Technology has become a major part of running a business. Computers, tablets, and smartphones have become staples for successful attorneys, and staying up to date with the newest technology is just as important. However, incorporating technology into your law firm can become overwhelming because of the vast amount of options available these days. Most big law firms already have technology as part of their day to day lives. If you are a small law firm, finding out where to start can be overwhelming. Here is a list of ways to get the technology ball rolling if you are a solo practitioner or small law firm:
Email is the key:
When you start a law firm or solo practice, figure out what type of email will work best for you. There is typically a pop account or exchange account option. Are you going to need a domain name? Are you planning on having more employees? And most importantly, what is the difference between pop and exchange emails? Pop email accounts download copies of emails to each device you have set up, and sent items will only be saved to the device folder you sent it from. Exchange accounts sync all your inbox and sent emails together across all devices. Most people opt for the exchange account since it usually causes less problems in the long run when accessing emails from multiple devices.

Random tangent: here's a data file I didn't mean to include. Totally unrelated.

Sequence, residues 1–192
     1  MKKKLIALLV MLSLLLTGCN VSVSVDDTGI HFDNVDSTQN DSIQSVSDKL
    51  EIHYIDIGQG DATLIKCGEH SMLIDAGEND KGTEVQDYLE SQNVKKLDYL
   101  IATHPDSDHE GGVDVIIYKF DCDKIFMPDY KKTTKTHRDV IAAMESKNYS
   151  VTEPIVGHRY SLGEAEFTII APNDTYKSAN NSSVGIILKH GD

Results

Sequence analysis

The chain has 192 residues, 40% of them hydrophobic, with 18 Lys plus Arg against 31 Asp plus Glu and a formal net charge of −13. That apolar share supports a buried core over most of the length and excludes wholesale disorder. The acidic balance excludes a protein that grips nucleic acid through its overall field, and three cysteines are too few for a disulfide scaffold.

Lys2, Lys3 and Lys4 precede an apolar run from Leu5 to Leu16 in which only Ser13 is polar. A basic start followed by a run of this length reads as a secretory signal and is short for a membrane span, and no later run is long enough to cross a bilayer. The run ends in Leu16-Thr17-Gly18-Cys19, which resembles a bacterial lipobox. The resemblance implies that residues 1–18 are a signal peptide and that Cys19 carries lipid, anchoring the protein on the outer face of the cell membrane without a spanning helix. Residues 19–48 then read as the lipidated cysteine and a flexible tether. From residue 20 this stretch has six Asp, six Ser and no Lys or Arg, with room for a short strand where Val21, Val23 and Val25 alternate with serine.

The “Bring Your Own Device” Policy:
This policy is important for employees who may bring their own computer or tablet to the workplace, as well as using their cell phones for work. You may hire a law clerk who then moves on to another law firm, and takes all the files he or she had on their personal device with them. In the future, you may need to access those files, and there is no way for you to gain access to them again. Establishing what personal devices can be used, what files need to be saved to a shared drive, and what happens after termination in the beginning can save you a lot of time and stress in the long run.
Cloud Storage and Remote Access Rules:
Working from home is becoming more popular in today’s workforce. Creating rules and policies for remote access to the company’s files is also important. If you do want to grant remote access to your other employees, you should look into setting up a Google Drive or Dropbox account you can all access and share. This can also come in handy when you are traveling and need to access files.
Keep Your Technology Secure:
Finally, one of the most important things to establish in your growing firm is security. Technology is wonderful, but it is not fool-proof, and is still hackable. Make sure your internet, servers, and remote/cloud service providers all have establish security to keep your business and client information safe from hackers.
Staying up to date with technology can be overwhelming with all of the different devices and options flooding the market. However, learning how technology can help you be more efficient operating as a solo practitioner or small law firm can make your business life easier. Find out what works best for you and your employees, and continue to grow as a technologically advanced law office.